Tag Archives: leadership

The Vulnerable Pastor

Vulnerable. Not the first word that comes to mind when you think about strong leaders. Yet, this word, “Vulnerable,” is what Mandy Smith, lead pastor of University Christian Church in Cincinnati, Ohio, suggests should characterize strong Christian leaders.

In The Vulnerable Pastor: How Human Limitations Empower Our Ministry Smith attempts to debunk current leadership wisdom as not only being harmful, but impossible. The image51s4het-oll-_sy344_bo1204203200_ of somebody who is always strong, always has their stuff together, is never wrong, never wavers, and is extremely self-confident is the exact opposite of what Smith suggest Christian leaders should be like. Instead a Christian leader should be marked by vulnerability. Specifically, this vulnerability should recognize and understand our human constraints. Recognizing these constraints makes our ministry more sustainable “and guards us against disillusionment and burnout.”

As the former director of a college ministry in a large church in the LA area I knew I could benefit from reading Smith’s book. I sort of live in the “mega-church” world, which is mostly characterized by the leadership images Smith decries. I constantly struggled, despite pressing on in ministry, with the notion that I didn’t fit the “pastor-mold.” I still struggle with it! Even though its never expressed, it is implicitly there. I’m just not one of those pastors. I’m shy, introverted, intellectual, liturgical. Again, not your typical mega-church type leader. Throughout the book Smith shares her struggles with not fitting the mold. Told mostly in story form, she expresses how difficult it was to be herself as leader, when the world (i.e. CHURCH WORLD) told her that wasn’t enough. It was only when she was bold enough to admit that she didn’t have what the world asked of her, and she didn’t need to have it, that she began to find joy in her ministry.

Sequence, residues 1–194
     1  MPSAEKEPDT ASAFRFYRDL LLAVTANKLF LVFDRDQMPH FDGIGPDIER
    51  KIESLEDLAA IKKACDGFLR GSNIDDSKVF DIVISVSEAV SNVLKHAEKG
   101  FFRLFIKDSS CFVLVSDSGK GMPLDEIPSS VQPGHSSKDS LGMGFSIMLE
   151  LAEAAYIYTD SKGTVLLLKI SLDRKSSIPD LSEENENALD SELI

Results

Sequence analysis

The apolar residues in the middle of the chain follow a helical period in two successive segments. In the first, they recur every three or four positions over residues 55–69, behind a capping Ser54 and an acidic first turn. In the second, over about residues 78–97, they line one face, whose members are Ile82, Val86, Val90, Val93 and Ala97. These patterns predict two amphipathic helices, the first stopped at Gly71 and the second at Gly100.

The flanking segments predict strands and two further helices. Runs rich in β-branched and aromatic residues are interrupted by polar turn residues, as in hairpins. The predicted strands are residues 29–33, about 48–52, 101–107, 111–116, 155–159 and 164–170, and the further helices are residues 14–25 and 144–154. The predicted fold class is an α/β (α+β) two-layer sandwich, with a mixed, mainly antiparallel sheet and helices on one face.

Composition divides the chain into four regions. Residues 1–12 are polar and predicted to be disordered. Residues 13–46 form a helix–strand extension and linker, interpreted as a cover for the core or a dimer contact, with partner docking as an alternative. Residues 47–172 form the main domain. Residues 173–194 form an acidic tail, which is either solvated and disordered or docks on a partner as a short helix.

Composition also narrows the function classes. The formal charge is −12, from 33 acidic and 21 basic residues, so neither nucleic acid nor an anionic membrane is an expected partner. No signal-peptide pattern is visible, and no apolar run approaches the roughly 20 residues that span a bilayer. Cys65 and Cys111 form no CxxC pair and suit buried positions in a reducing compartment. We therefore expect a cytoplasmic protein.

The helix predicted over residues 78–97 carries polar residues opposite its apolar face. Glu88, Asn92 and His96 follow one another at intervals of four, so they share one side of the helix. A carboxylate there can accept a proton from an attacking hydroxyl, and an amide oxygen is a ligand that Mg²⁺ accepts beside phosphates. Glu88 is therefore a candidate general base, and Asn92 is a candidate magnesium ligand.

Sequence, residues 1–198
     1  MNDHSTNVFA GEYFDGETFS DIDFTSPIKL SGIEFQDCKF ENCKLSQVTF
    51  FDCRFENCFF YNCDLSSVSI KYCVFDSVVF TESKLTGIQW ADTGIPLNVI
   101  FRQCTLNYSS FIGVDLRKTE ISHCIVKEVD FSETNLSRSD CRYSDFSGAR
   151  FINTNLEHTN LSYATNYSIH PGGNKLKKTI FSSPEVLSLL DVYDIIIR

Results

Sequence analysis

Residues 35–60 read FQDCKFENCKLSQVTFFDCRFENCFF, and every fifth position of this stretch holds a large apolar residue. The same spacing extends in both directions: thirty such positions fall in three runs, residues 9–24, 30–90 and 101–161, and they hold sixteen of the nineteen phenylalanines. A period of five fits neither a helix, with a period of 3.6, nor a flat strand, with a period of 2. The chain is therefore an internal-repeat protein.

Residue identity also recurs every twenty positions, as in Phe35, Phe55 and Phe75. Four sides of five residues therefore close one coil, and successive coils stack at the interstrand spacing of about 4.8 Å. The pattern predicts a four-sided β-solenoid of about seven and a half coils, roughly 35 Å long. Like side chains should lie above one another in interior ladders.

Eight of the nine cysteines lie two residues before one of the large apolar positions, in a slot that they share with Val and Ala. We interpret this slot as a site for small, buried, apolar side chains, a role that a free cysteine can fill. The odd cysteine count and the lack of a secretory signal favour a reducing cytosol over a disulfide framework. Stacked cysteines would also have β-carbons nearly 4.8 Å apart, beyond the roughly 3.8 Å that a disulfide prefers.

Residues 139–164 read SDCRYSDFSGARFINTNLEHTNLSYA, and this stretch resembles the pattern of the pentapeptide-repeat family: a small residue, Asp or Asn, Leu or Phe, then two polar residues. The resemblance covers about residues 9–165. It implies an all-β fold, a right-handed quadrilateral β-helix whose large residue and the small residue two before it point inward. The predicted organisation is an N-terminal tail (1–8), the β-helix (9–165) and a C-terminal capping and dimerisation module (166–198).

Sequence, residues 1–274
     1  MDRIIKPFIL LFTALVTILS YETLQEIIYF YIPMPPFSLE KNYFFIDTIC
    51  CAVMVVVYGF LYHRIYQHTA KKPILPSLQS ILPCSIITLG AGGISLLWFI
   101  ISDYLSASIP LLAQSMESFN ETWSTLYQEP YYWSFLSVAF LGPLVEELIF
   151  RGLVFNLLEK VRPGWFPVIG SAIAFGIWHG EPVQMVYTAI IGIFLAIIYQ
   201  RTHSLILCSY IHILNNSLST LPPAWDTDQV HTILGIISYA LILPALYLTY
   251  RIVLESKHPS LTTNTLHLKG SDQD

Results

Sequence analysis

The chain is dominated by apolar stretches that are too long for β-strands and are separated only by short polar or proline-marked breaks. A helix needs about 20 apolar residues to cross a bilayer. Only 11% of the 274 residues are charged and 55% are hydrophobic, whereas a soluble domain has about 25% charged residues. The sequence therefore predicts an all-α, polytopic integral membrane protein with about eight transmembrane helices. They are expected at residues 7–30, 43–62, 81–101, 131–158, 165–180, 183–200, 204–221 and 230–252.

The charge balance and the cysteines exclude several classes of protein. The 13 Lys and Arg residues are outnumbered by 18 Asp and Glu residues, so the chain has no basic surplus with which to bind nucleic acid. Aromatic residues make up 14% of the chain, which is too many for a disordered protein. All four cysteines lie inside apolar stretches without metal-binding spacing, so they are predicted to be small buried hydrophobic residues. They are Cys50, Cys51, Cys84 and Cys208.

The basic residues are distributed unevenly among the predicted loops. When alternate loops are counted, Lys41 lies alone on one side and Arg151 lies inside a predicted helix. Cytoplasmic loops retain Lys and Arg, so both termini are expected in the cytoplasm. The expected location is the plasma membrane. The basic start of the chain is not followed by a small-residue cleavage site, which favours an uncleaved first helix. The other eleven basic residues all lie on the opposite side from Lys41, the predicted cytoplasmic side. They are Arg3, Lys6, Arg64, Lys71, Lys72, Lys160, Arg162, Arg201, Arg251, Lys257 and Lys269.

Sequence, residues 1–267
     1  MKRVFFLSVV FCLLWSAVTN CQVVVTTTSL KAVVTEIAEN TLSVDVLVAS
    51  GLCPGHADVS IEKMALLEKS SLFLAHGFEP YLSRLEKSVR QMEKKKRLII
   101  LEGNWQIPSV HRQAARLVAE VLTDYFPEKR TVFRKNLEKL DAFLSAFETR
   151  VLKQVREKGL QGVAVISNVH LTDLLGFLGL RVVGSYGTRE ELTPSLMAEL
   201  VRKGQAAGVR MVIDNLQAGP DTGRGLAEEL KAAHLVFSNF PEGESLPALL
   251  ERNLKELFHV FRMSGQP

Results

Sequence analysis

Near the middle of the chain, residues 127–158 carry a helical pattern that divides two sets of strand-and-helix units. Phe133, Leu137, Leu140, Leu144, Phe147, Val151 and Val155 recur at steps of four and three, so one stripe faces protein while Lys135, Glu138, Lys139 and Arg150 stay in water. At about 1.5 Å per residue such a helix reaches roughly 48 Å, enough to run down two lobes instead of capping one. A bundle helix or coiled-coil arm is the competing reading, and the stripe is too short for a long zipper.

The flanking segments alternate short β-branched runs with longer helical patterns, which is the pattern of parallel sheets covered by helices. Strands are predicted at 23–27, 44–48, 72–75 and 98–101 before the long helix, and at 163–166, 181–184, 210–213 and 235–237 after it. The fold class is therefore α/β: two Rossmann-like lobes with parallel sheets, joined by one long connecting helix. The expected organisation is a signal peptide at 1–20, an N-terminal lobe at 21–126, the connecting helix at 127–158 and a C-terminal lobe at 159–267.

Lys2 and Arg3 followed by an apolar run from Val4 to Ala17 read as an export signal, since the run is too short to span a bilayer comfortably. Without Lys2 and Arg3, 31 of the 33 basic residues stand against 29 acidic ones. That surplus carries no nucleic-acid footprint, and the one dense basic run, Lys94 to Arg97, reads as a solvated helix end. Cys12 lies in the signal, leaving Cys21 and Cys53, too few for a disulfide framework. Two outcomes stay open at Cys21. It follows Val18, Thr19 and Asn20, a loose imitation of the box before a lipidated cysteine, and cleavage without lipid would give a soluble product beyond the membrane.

Here are some helpful quotes from her book:

When we’re at our desks preparing our sermons and something snags our hearts, can we set aside our work long enough to be worked upon? Can we trust that the teaching of our congregations is not primarily our work but God’s work, which he wants to being with us? (92)

What if we began with our human limitations and shaped a ministry from that? Like a child pouring pennies on a candy store counter, asking, “How much candy can I get with that?” we can look at the time, gifts, energy, and ideas we have and ask, “How much church can we get with that?” (105)

If it’s right for me to be here (and I beliee it its) and it’s alright for me to be limited (and I believe it its), I have to trust that there’s a way to do this job without it destroying me. If he gave the church to humans, he must have a way for humans to do church. (105) 

One way I equip my leaders is to remind them it’s their job to equip others. We’re not soloists; we’re choirmasters. Its not our job to do the work but to give the direction: to pick the note, choose when to start and wait for the community to shape the fullness of the song. (108)

All in all, I found this book quite helpful. There were so many positive messages in it that I needed to hear once again. Being a pastor, or any kind of Christian leader, is not about being enough…. Its about being willing to revel in our own weakness and in God’s strength.

Note: I received this book from IVP in exchange for an impartial review.


Johnny Mac on Developing Leaders

Now – if you know me, you know that I am not John MacArthur’s biggest fan. (Surprise surprise!) However, this short video by him about leadership development is so good, I can’t help but share it. MacArthur is absolutely right, strong churches will have a huge influence for God in this world, but strong churches begin with strong leaders…

Missions Insights with Dr. John MacArthur: Why Invest in Training National Pastors? from TMAI on Vimeo.

Strong and Weak

Strong or weak? Which would you rather be? The answer seems like a no brainer – DUH – strong of course! Andy Crouch, author of the classic book Culture Making, says that if we want to truly flourish (and if we want to be effective leaders) we must embrace both. We must be Strong and Weak.